Whereas there are two presidential candidates which have achieved ballot access in enough states to have a theoretical possibility of winning the presidential election, and which hold positions similar but not identical to those of the America First Party;
Therefore, be it resolved by the America First National Committee:
That voters be encouraged to vote for either Chuck Baldwin or Bob Barr for President in November.
Can anyone help me out with McCain’s Senate record on judges?
The Republican excuse for voting Obama is McSame will appoint conservative judges. Is there any basis to this at all? Politicians will promise anything to get elected.
It’s common wisdom to go with an opportunist politician over a leftist ideologue who actually believes in the Marxism he pushes, and Obama very much appears to be a believer. But is Obama competent? Continue reading →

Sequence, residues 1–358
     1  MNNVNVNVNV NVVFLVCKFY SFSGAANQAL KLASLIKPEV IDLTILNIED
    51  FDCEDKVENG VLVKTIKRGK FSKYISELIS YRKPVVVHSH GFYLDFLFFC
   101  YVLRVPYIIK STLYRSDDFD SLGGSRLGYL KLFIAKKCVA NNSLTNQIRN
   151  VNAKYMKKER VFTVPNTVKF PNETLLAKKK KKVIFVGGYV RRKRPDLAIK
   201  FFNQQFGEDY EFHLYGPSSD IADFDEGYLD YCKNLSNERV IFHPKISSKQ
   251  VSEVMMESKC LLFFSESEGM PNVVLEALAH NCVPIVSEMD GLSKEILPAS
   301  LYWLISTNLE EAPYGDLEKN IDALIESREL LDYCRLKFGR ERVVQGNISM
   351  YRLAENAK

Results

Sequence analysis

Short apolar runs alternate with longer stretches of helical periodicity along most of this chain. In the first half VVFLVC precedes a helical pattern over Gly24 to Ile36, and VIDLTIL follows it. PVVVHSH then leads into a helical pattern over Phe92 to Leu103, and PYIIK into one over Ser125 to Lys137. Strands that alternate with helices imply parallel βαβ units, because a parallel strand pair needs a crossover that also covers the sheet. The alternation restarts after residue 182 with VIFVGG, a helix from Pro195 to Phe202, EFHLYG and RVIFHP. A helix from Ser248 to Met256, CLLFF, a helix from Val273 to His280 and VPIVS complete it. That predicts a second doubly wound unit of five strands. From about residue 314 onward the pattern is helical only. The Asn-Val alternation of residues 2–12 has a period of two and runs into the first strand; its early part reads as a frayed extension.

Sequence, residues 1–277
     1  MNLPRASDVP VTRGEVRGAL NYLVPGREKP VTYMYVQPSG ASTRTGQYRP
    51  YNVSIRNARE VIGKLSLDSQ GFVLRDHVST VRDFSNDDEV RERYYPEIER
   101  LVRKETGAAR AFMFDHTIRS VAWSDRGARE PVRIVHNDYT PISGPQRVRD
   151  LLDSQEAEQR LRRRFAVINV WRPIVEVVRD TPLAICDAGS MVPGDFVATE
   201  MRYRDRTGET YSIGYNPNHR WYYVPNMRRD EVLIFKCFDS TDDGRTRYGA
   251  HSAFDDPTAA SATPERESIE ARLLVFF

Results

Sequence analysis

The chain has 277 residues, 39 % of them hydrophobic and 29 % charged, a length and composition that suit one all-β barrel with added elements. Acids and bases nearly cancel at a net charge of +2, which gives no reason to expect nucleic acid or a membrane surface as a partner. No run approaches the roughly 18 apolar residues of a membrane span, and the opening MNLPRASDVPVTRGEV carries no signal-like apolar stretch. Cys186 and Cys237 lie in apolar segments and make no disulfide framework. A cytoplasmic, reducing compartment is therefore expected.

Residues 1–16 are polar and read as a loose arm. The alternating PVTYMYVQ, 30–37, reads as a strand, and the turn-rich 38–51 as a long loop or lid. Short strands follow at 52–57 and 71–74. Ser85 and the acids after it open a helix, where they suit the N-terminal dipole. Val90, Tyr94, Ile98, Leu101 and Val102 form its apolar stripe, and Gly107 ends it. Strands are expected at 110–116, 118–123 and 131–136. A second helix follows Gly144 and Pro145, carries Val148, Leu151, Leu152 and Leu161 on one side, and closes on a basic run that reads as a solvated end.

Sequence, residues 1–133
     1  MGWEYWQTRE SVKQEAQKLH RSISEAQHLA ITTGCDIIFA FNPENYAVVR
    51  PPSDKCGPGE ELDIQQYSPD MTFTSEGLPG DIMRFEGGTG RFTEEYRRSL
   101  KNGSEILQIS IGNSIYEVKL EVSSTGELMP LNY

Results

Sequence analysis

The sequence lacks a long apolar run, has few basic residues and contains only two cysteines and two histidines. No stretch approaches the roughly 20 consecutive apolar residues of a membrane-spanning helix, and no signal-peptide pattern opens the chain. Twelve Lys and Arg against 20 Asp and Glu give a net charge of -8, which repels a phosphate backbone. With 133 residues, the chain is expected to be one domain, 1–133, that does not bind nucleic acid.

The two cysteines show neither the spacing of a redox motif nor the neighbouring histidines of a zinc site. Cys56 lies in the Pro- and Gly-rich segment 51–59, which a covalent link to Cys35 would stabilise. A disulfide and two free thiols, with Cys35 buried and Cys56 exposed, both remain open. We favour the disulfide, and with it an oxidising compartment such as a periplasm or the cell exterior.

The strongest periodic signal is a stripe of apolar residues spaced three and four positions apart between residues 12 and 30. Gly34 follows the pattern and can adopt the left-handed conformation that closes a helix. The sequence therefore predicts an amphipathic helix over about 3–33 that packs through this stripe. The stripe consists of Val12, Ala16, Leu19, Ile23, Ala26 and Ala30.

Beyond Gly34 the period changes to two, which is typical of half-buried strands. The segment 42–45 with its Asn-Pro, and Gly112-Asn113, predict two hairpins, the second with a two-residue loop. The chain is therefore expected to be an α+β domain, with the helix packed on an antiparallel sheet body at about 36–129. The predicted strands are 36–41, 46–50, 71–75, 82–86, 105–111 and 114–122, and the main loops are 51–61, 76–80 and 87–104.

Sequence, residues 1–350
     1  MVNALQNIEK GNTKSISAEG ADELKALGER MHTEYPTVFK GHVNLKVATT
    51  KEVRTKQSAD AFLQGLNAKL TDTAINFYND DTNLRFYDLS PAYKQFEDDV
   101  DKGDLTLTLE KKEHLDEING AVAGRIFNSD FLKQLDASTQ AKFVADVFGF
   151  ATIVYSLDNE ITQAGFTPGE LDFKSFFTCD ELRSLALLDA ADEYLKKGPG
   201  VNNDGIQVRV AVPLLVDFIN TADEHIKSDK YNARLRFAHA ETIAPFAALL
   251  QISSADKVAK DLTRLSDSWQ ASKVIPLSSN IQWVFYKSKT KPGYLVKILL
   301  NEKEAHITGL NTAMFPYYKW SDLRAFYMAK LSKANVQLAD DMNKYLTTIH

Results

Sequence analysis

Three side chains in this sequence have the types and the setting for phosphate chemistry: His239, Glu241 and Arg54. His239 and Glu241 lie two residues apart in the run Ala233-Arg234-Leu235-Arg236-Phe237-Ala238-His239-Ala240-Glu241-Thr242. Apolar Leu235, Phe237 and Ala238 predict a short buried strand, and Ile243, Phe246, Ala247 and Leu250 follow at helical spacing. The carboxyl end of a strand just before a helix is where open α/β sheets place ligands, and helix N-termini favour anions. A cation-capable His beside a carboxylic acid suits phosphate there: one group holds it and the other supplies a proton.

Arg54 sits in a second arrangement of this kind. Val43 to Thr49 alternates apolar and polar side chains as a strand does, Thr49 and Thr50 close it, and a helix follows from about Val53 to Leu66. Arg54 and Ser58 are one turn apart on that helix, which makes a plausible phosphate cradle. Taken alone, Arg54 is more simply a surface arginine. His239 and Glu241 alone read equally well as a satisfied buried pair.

I think we can all sum up whatÂ Election 2008 comes down to, the globalized socialism of Obama vs. the national socialism of McCain. Before the McCaniacs fool you into thinking you’re saving the free market by voting for them, here are a few articles to show you there’s not a dime’s worth of difference on the big issues between both candidates.
I’d prefer an honest socialist over a phony who goes around and attacks the honest man while hiding his own socialism and hypocracy. Hopefully the good news will be on election night is that the deviant and devious one is thrown down and that honest one will survive so the case against socialism will be on its merits with a true freedom candidate making the argument.